Review of Dragon Quest IV: Chapters of the Chosen for Nintendo DS


Dragon Quest IV Box Art

For those who follow the Dragon Quest franchise, and for those who had an NES, you may have come across this title (released as Dragon Warrior IV) back in 1990. It featured a method of plot development that was uncommon for RPGs on the archaic NES – dividing the story into chapters. The main story is fairly linear: to find the legendary hero capable of repelling the world of a rising evil force, thus saving humanity. Been there, done that, right?

Interface (3 out of 5)

Game play is very similar to others in the Dragon Quest franchise. If you want to succeed, you need to fight monsters, and fight them often. In doing so, your party can collect the monetary funds needed to purchase improved equipment as well as several recovery items. It is, without a doubt, an old-fashioned method of playing RPGs, but it is a formula that Dragon Quest has used in all of its installments. One thing that gamers need to keep in mind is that some strategic planning is necessary to be successful in battle. This isn’t your standard “Hit & Heal, repeat ad nauseam” type of game. Spells that your characters learn are incredibly useful, and need to be put to the test almost immediately.

Navigation through menus and maps isn’t particularly difficult. Depending on where you are, you’re able to rotate the map by pressing the L or R button. Unfortunately, you can’t use the stylus in this game. Otherwise, it’d be easier to move to and from different menus and get through battles quicker.

Challenge & Story (4 out of 5)

As you probably can expect, since this game is a remake of an original, you shouldn’t expect a game of epic proportions. The main quest can be completed in about 20 hours, but there are some bonus dungeons that can also be completed for the hardcore gamer who wants to complete everything. Some of the fights can be a little bit of a challenge, particularly boss battles, but Dragon Quest games require more strategy than luck or skill.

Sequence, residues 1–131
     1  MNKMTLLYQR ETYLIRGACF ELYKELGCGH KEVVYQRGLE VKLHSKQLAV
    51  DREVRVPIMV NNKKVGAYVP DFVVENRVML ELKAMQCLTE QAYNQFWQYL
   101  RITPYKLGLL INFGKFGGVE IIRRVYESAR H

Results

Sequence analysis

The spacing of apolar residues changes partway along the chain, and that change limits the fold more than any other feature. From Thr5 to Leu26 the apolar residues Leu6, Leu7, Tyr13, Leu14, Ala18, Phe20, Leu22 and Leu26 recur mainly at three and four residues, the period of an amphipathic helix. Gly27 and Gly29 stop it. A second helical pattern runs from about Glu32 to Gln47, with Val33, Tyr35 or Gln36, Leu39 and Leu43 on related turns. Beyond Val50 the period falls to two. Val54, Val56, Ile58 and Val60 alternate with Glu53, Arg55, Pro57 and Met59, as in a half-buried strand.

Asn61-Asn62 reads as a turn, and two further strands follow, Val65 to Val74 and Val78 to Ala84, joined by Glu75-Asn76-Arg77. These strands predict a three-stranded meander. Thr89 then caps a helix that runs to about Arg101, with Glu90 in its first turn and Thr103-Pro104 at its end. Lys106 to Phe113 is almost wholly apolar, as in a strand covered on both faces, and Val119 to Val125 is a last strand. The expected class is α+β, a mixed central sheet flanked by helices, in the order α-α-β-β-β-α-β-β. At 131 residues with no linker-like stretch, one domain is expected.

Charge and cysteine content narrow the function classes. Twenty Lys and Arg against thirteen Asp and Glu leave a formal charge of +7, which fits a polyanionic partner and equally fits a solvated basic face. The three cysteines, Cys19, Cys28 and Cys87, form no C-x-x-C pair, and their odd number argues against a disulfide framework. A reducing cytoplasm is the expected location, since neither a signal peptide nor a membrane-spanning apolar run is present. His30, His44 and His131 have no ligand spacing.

You can also record how many monsters you’ve encountered and defeated while also checking out how many more you have yet to face. The storyline and the characters don’t really have that much substance to them. It’s fairly simplistic and linear, but that doesn’t necessarily mean it’s a bad game. Those who are unfamiliar with Dragon Quest may have a difficult time getting into this type game. Gamers who are starved to find RPGs on the DS should at least consider giving this one a whirl. It won’t dazzle you, but it will at least keep you entertained for a while. There’s no online mode, and as already mentioned, the stylus can’t be used in this game (kind of disappointing, as the hands do get a little bit cramped with the standard controls). These are minor setbacks, though, and don’t take away with the ability to play the game.

Sound (4 out of 5)

Koichi Sugiyama provided the score to this game, as he did any other game in the Dragon Quest franchise. The variety of battle themes was a nice twist, which you see in one of the chapters. What I didn’t like was the overall presentation of the music. Whenever a battle finishes, the music on the specific map (overworld, or dungeon) doesn’t continue where it was cut off; it starts over. Constantly hearing the same little bit of each piece does get exhausting, and I don’t know why appropriate pausing and continuing wasn’t used in this game. It’s a real shame because most of the music in this game, particularly the dungeons, is actually really good.


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Conclusions (4 out of 5)

Dragon Quest IV provides a nostalgic return to a classic, enough to thrill older gamers, but appealing enough to attract a new generation. The storyline won’t blow you away, but this game has a certain charm to it that makes you want to see things through to the end. It’s not terribly challenging, but it’s no breeze, either. Combined with a solid soundtrack, Dragon Quest IV is a solid title that any fan of RPGs should want.

This is the first of two other games being remade for the Nintendo DS. Dragon Quest V is the next in line, followed by Dragon Quest VI. The way these games work (IV, V, and V) is that they are all linked together in some small way. You don’t need to necessarily play one of them in order to understand the next games in line, but certain characters make a reappearance in the following two titles. As of this review, Dragon Quest V is available, whereas Dragon Quest VI is still in development.

  • Release Date: 16 September 2008
  • Rating: E-10 (Everyone aged 10 and up)
  • Publisher: Square-Enix
  • Official Website: